It’s tailgating season and the roaming chefs are hitting the parking lots of football stadiums all over the country. Just as there are hundreds of RV makes and models, there is quite a diverse selection of methods to cook, steam, BBQ, and smoke food as well. In part 1, we discussed Lump vs. Briquettes. In this blog we will discuss the various grills available and the features and benefits as they pertain to RVing and cooking preference. Granted, everyone would love to have a Big Green Egg, smoker, wood fired pizza oven, and a dozen other cooking options sitting around the campsite, but the reality is there is only so much space available in our storage bins and we have to choose the best option to cover the majority of cooking needs.
Let’s start with the LP options available as there are several models that can be stored flat and are very convenient for grilling. When I was young we would rent a camper 3-4 times a year and go on a couple of short weekend trips to a lake. “THE” big vacation was a 2-week adventure to a major destination like Yellowstone, Rocky Mountain National Park, and even Washington DC and New York City. On those trips we took the classic Coleman camper stove that you poured “white gas” into the storage vessel and pumped it up to get a flame.
Today, there are several models that can be easily packed flat in a storage compartment or smaller version of large residential models that will fit in some of the large storage compartments available with today’s RV.
LP grills that can run off a 20lb DOT cylinder or small screw on bottle are very popular. A wide variety of tabletop units are available, however for a larger cooking surface and convenient fold down storage, the Coleman “RoadTrip” is a great choice. And yes, they still make the old style pump up pressure models we camped with in the ‘60’s called the Coleman Powerhouse!
Weber and Char-Broil have been the age old favorite of residential charcoal enthusiast for years, however the traditional kettle style or large four legged box style is great for the patio at home, but not easy to haul around when RVing. Unless you have an open truck bed or get creative with a bumper mount, you will need to compromise the size.
There are several down sized models and even tabletop version such as the Weber 121020 go anywhere or “Smokey Joe”, the Char-Broil portable kettle, Cuisinart 14” portable, Hibachi tabletop, or various others. The advantage is a smaller size for storing the grill in a compartment without taking the unit apart. The disadvantage is the size of the grill and amount of briquettes that can be used which can also limit the cooking time and heat generated. Also, the height of these means they need to be placed on a table or on the ground and bend down to cook. You won’t be able to stand behind the grill with your best grilling apron, favorite beverage, and spatula making the traditional griller’s pose! Maybe not a big thing?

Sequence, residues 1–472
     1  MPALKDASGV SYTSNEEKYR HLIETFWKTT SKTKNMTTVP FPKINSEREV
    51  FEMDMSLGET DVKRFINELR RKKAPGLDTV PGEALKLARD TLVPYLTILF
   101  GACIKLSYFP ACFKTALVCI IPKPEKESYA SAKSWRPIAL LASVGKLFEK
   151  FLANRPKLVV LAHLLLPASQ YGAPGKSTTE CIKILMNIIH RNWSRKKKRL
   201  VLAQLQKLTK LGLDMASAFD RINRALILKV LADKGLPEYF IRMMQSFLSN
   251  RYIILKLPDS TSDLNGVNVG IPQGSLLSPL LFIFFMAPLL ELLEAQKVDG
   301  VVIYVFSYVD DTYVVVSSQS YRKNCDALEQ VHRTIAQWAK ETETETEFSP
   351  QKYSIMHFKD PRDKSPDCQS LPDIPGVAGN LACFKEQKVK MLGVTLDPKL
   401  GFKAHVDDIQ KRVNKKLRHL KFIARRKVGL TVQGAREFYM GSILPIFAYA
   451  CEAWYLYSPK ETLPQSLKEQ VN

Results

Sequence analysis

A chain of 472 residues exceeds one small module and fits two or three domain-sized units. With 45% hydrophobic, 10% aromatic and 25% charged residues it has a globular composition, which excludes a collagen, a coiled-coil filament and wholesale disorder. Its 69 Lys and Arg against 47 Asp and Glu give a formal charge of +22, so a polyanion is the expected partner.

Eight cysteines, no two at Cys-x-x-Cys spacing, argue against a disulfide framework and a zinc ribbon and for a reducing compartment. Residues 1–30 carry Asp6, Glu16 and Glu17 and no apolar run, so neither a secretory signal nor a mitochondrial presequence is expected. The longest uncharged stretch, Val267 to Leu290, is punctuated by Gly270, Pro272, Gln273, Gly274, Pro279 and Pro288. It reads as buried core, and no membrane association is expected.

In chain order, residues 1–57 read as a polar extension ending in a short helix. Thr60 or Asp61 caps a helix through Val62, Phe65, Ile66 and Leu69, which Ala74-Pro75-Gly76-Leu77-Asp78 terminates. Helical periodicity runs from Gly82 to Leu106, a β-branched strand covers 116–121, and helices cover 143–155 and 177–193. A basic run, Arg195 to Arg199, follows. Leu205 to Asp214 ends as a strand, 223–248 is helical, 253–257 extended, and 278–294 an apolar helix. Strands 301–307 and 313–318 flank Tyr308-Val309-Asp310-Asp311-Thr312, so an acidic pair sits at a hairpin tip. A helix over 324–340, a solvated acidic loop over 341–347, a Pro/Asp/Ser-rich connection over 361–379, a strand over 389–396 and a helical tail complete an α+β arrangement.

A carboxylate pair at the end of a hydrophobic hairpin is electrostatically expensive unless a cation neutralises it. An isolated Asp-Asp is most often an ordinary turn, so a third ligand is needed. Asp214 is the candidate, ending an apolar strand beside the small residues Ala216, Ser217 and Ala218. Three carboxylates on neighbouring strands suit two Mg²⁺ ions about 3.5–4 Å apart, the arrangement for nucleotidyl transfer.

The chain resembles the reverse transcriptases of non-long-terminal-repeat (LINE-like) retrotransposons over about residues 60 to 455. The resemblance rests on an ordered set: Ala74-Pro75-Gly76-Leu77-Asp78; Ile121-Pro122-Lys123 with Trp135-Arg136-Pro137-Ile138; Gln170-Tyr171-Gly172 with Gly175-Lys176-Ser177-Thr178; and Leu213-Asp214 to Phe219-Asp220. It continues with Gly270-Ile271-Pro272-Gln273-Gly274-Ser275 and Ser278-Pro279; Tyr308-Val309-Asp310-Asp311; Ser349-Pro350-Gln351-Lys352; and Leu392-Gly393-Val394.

A big trend these days is the ceramic kettle such as the Big Green Egg, Komando, Vision Grills, or Char Griller. Originally these came out in the residential version that was to large to take on an RV trip, but are now offering a few portable sizes. The advantage is the technology of creating a better heat source with even temperatures, versatile cooking, and a cooler outside shell. There are not many disadvantages other than a higher cost. Our local grill distributor is an avid RVer and sells a variety of brands and they take the Big Green Egg mini-max on every camping trip.
Due to tree killing insects and disease, most campgrounds will not let you bring your own firewood for recreational use or cooking. Wood pellet stoves have become popular as they are convenient to use, self feeding, and can maintain a desired temperature within +/- 20 degrees. The most popular models are the Traeger Tailgaiter or Green Mountain Grills which also has a WiFi controller!
Yes, there are actually portable pizza ovens that are great for RVing such as the Cuisinart “Alfrescamore”, the wood pellet Uuni, Pizzeria Pronto, or Green Mountain Grill insert!
No matter what type of cooking you choose, there is a grill that will fit your needs and your storage space! And as you walk around the campgrounds of America, you will find dozens more styles in just about every category. That’s one of the fun parts of camping, seeing how and what everyone is cooking.
About the author:
Dave Solberg: Managing Editor, RV Repair Club
For the last 25 years, Dave has conducted RV maintenance and safety seminars, developed dealer and owner training programs, written RV safety and handyman articles, authored an RV handbook reference guide and logged over 100,000 miles on the road in an RV.
RV Repair Club is your go-to online resource for enthusiasts who want quality RV maintenance, repair, and upgrade information – a community where passionate RVers can come together to gather knowledge and share their experiences.
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